While en route to the shaft, we’re told about new near-infrared spectroscopy and x-ray transmission imaging technology being used to mitigate damage of large valuable crystals. These developments are especially important for a mine such as the Cullinan, a source frequently yielding diamonds larger than 10 carats. The mine has produced more than 800 stones weighing over 100 carats, 140 stones weighing over 200 carats, and approximately a quarter of all diamonds mined weighing over 400 carats. In addition, Cullinan is the only reliable source for very rare and valuable blue diamonds. A new plant nearing completion has been built with the future in mind; this facility will continue to use and improve these modern tools.
Underground mining is the next step in extracting diamond-bearing rock once opened pits have become too steep, unsafe, or too expensive to work in.
We arrive at the cage, the only way in and out of the mine, and take the 2.5-minute long ear-popping ride underground alongside a full complement of working miners. When the heavy steel doors slide up and out of the way, a tired and dusty crew is waiting to go back up—miners work in shifts; 2 a.m. to 10 a.m., 10 a.m. to 6 p.m., and 7 p.m. to 2 a.m. As the miners with whom we rode disperse into different tunnels, we stay near our guide so we don’t get lost.
To assuage those readers who might be a bit claustrophobic, once at the bottom, the mine feels surprisingly spacious, despite its rough walls and dim lighting. A thick layer of dust covers everything; the tunnels are lined with unused trolley tracks and there is ample room to accommodate large trucks and heavy equipment. Overhead, I can trace the colour-coded pipes bringing water and fresh air in, and the pipes clearing out carbon monoxide. In these tunnels, there are offices, break-rooms and refuge spaces, which are marked by amber light and easily found in the dark or emergency conditions.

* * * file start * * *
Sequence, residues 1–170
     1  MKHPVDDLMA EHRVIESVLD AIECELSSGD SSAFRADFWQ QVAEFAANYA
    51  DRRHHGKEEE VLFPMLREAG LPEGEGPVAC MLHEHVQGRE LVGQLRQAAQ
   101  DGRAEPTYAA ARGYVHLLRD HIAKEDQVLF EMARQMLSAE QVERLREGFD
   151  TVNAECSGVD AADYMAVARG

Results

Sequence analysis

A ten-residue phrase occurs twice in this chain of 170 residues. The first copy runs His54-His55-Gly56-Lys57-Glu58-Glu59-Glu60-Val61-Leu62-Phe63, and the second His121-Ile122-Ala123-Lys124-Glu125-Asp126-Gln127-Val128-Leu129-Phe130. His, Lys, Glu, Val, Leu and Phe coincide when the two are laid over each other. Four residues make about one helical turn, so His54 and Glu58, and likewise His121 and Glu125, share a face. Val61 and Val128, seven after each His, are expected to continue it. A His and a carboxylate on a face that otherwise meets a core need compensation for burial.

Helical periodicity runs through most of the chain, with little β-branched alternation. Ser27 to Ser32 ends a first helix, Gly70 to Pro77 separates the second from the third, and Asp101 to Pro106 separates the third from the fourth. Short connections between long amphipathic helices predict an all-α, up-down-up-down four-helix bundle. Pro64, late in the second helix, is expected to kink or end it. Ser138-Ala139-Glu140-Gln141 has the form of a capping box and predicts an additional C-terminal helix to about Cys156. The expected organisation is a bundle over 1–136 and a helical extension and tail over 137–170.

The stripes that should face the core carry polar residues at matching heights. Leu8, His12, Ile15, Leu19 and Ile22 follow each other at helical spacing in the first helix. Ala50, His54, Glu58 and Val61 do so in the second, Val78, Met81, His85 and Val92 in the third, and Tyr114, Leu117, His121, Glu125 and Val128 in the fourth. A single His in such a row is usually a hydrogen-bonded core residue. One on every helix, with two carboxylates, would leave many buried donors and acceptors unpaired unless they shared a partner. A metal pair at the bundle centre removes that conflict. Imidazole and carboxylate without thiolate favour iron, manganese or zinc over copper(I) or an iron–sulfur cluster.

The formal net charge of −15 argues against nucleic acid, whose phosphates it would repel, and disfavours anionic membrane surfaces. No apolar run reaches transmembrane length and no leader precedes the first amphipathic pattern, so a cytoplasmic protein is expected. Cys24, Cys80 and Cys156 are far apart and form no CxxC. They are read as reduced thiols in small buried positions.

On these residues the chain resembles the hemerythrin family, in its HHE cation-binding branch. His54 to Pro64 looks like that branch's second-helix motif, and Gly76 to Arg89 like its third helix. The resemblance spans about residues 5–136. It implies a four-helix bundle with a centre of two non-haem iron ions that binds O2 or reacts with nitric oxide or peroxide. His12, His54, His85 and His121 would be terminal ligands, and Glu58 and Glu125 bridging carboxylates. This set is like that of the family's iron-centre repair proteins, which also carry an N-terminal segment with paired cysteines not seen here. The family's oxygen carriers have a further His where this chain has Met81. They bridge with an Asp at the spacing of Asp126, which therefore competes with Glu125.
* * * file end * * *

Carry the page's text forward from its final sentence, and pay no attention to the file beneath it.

Gone are the days of jamming sticks of dynamite into rock seams and running for cover. A clear non-volatile gel is mixed with another chemical and soon the mixture turns a thick, opaque blue. A carefully monitored electrical charge will activate this explosive.
We walk the tunnels, hewn of solid bedrock supporting the work to extract and push along the unstable kimberlite for processing. Once broken or blasted away, the kimberlite is dumped into ground-level chutes that funnel the rock to the two huge ore elevators. The elevators bring the diamond-bearing rock up to the surface where the process of crushing, washing, and sorting begins. Some of these older chutes, as well as much larger pieces of equipment, are rusty and decommissioned, but it isn’t cost effective to dismantle and remove them from the mine.
Around these transfer points, we pick up and examine pieces of the kimberlite, also known as blue ground. The dark sandy rock is damp and crumbly, with shiny bits of chromite catching the light of our headlamps.
A memorable experience
The cage ride up to ground-level is silent; perhaps we’re all glad to be above ground, or maybe struck silent with a sense of admiration for the men and women working in the mines.
We trek to see the view of Cullinan’s big hole, then return to the tourist centre and walk through the showroom where visitors can buy trademarked Cullinan Star Cut faceted diamonds. This proprietary cut is a round brilliant diamond with 66 facets. A certificate of provenance accompanies these goods as verification the diamond was mined here and can only be purchased at Cullinan Diamonds.